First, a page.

Social Security

Madeleine Balchan - Senegal


March 15, 2011

JAN 11
Today, like many other mornings, as we finish breakfast of Café Touba and bread, Absa, my “tanta” (dad’s 2nd wife) hands me a small teapot full of Café touba and tells me to take it to Baay Sier, my uncle.
I slip on my sandals and trudge through the sandy street to our larger family compound. It’s only a minute walk if I slide through the back entrance, being sure to walk around the front side of their house, duck under any laundry hanging on the clothes line and pass through the half-built new rooms.
I shake hands with all 9 people lounging outside, siting on mats, separating peanuts, or walking by with buckets full of lunch ingredients.
“Nafi! Nafi!” they call.  I can’t make my way around to greet everyone fast enough as they test my Wolof by asking about the morning’s activities so far. I give Baay Sier the coffee, as I’ve done many times before. He smiles and asks if I made it and what my plans are for the day. Questions, questions, questions – I tell everyone I’m sorry but I have to go to work at 9. Fifteen minutes later I’m back home.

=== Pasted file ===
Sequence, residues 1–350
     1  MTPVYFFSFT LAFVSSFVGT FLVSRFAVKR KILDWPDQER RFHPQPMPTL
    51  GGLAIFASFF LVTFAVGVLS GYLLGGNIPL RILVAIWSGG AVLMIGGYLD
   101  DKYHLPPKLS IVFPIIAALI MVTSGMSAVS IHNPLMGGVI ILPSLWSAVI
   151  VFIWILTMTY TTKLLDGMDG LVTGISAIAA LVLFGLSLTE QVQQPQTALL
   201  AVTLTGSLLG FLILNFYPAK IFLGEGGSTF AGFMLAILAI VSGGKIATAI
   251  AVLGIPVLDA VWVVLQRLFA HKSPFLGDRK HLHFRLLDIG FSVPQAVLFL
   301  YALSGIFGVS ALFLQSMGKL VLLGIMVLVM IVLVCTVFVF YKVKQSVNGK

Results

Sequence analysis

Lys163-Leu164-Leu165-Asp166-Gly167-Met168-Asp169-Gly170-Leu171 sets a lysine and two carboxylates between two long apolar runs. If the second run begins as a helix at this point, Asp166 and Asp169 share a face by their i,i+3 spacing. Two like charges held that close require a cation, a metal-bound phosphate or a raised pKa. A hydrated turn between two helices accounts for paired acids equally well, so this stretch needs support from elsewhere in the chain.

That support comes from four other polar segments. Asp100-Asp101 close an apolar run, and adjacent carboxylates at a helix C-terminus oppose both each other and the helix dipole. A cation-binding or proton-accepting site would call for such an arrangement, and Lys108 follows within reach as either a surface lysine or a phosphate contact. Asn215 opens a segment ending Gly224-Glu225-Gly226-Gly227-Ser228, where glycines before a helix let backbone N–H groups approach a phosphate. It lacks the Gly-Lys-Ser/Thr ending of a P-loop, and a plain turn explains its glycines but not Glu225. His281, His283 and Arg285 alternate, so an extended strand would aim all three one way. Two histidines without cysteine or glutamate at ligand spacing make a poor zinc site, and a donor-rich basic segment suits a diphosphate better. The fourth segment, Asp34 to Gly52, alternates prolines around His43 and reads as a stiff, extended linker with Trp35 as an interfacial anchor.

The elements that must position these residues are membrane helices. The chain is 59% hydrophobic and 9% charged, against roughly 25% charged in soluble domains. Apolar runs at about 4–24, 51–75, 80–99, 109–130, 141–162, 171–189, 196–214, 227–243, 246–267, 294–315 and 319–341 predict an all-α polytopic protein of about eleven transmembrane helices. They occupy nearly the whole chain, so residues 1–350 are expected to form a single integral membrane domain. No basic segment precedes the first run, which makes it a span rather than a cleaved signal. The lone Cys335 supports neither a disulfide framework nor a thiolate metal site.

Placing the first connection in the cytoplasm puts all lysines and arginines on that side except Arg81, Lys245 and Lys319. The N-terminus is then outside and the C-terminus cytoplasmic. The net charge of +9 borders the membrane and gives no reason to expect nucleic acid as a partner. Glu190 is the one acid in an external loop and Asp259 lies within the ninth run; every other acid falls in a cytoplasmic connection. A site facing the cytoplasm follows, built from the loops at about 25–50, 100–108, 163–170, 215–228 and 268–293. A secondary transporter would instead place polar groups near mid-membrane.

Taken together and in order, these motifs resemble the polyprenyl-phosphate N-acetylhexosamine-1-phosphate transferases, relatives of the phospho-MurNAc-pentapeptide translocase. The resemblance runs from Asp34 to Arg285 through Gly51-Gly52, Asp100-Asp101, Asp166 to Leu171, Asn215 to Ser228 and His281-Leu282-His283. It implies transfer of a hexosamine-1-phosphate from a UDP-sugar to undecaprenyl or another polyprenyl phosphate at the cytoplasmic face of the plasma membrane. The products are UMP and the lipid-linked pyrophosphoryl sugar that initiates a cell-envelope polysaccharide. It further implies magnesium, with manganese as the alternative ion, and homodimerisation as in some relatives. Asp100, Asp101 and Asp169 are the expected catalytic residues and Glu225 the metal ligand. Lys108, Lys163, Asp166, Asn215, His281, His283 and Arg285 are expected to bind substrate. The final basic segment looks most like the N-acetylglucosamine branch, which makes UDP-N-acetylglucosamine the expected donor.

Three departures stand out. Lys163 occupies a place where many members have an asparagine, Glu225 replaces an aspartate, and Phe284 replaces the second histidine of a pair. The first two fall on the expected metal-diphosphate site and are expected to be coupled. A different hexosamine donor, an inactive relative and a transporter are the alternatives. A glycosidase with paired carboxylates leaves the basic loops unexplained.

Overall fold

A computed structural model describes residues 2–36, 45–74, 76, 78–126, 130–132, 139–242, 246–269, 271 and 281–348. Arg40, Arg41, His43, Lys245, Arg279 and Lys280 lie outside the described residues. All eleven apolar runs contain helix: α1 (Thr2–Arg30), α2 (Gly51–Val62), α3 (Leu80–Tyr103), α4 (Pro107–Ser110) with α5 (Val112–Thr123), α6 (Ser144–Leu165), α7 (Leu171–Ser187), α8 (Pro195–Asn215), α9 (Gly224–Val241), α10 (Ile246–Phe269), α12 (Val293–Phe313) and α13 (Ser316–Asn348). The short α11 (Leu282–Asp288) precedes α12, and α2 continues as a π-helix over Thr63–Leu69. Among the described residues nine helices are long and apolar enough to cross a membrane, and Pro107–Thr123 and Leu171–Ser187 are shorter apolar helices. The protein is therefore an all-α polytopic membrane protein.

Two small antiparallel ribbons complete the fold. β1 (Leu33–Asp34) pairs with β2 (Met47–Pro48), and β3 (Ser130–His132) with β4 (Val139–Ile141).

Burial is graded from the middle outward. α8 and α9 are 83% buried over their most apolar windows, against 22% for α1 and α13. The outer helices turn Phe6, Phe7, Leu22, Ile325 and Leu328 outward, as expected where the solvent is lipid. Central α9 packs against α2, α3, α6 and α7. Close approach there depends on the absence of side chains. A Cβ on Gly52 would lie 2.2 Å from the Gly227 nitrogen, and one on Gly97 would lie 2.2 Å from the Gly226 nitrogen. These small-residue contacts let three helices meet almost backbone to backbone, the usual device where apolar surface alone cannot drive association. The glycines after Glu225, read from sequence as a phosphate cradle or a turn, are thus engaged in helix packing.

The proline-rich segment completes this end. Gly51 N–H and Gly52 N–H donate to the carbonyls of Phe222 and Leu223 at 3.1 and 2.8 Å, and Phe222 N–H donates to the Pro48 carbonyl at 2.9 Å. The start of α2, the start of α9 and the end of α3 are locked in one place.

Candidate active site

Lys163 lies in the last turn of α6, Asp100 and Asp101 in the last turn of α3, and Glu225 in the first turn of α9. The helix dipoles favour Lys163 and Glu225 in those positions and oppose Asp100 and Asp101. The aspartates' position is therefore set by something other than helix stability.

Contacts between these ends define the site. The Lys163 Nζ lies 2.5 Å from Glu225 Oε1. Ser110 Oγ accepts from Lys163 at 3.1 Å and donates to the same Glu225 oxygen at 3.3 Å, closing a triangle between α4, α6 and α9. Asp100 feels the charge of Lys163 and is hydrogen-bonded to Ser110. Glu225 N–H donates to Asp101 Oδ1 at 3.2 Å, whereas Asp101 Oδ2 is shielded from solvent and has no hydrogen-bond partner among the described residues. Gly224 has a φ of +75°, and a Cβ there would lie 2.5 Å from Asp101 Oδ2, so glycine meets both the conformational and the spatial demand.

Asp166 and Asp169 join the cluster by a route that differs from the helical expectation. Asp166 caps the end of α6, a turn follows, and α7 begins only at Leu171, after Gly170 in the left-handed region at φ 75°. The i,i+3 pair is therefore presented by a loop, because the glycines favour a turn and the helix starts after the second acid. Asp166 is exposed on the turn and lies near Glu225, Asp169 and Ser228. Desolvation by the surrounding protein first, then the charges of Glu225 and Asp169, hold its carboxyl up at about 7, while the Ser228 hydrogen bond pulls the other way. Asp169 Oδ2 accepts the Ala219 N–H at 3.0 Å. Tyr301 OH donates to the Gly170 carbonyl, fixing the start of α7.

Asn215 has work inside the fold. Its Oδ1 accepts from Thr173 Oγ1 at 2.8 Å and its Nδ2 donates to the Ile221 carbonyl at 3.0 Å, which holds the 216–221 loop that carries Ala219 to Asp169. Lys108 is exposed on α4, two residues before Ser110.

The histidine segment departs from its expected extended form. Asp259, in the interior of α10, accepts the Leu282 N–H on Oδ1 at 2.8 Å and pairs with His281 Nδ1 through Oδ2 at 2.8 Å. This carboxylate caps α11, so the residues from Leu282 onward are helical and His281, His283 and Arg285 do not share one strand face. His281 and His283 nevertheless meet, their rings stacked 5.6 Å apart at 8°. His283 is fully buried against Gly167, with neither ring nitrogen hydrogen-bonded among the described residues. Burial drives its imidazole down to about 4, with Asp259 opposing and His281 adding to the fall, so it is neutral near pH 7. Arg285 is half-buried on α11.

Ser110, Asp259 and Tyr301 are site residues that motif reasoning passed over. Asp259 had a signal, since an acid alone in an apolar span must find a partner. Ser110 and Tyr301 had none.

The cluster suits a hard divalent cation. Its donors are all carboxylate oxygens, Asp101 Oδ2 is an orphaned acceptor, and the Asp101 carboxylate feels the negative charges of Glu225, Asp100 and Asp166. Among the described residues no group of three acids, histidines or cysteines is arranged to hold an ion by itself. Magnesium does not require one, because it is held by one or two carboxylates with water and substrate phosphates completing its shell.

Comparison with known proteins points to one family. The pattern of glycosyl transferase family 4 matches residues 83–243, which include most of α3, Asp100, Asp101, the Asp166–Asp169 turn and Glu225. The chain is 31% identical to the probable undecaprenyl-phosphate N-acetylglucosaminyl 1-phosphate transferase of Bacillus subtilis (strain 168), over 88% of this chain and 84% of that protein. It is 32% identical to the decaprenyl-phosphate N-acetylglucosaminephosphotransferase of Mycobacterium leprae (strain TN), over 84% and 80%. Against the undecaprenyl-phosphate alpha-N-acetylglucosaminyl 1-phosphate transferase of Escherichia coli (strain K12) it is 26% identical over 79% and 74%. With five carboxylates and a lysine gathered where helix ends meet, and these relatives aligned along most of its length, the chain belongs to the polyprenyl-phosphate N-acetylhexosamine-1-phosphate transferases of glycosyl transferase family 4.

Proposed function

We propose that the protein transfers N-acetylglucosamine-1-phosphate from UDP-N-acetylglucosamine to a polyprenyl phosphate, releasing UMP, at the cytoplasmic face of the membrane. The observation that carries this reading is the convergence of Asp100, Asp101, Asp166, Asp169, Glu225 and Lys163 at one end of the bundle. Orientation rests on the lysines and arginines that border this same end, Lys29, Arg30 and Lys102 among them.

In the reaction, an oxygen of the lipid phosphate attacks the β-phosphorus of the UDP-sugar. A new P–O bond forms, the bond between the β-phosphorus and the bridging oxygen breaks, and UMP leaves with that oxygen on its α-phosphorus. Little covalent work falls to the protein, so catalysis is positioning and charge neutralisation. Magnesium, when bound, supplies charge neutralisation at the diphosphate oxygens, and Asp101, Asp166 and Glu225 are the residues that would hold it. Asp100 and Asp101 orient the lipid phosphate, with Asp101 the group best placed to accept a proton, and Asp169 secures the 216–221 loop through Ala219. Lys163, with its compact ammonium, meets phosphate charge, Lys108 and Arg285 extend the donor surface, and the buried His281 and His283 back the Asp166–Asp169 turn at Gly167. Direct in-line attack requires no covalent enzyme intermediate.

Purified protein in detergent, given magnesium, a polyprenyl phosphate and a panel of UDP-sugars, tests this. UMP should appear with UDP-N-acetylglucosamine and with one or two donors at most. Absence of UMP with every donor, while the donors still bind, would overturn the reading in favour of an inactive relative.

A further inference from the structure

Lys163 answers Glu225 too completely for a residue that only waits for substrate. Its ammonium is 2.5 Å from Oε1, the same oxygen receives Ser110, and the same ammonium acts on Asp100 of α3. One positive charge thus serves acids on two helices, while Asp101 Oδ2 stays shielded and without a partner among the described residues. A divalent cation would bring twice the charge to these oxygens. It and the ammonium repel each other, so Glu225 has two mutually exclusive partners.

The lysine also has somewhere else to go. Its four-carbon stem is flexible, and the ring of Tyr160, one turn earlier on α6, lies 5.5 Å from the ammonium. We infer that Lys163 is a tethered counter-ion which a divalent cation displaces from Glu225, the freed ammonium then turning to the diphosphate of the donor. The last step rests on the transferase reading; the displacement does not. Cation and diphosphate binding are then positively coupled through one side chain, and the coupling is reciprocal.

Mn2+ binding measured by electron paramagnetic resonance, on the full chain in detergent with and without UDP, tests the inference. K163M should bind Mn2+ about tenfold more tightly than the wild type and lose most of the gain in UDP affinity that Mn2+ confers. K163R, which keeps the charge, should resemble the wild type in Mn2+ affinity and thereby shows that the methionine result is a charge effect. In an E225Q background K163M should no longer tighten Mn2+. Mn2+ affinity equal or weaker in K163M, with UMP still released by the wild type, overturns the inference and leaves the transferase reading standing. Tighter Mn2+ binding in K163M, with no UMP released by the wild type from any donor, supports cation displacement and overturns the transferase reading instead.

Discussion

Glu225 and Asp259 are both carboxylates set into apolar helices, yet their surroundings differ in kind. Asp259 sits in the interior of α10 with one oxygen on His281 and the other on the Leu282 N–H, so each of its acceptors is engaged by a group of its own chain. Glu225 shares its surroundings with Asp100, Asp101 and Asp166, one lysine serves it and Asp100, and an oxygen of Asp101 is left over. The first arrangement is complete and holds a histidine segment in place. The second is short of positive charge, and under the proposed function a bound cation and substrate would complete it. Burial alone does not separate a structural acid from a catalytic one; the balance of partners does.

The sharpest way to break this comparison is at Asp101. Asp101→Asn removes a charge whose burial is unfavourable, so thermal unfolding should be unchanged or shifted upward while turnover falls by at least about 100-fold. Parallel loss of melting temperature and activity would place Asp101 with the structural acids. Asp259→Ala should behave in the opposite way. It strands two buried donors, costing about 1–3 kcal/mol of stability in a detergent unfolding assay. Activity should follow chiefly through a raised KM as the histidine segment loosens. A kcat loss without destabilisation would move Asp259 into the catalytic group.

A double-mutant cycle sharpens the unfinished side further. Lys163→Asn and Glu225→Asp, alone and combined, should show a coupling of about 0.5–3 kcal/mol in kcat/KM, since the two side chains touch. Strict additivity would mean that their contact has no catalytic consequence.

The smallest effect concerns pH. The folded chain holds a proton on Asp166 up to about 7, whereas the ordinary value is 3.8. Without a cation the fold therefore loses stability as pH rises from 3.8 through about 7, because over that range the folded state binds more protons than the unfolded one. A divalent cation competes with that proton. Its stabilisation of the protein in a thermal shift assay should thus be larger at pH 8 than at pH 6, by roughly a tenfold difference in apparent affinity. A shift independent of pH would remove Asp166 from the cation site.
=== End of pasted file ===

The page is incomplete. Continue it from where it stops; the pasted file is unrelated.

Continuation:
I ask my dad, “Djiby, we bring Maam Away and Baay Sier dinner and coffee all the time. How come no one likes you enough to bring you food?” I was joking of course.
“Cause they’re old” he responded.
It’s tradition. Baay Sier and Maam Awa have the means to take care of themselves, but we bring them food anyway. Baay Sier, 71, is Djiby’s older brother by 33 years. Their mother, Maam Awa, doesn’t even know how old she is.
There is no such thing as a “Social Security System” here.  An “Old Folks Home” is beyond their conception or comprehension. Here, you respect and obey your parents without question, and as they age you nurse them yourself.  It is true social security.

Madeleine Balchan